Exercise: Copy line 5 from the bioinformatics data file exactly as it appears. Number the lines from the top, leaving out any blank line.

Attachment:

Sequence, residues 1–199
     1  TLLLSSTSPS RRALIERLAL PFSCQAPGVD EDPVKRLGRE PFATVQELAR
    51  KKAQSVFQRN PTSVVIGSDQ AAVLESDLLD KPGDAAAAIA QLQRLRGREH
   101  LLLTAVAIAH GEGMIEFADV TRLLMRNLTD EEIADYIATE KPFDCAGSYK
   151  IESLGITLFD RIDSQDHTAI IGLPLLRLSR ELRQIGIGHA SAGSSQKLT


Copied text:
   151  IESLGITLFD RIDSQDHTAI IGLPLLRLSR ELRQIGIGHA SAGSSQKLT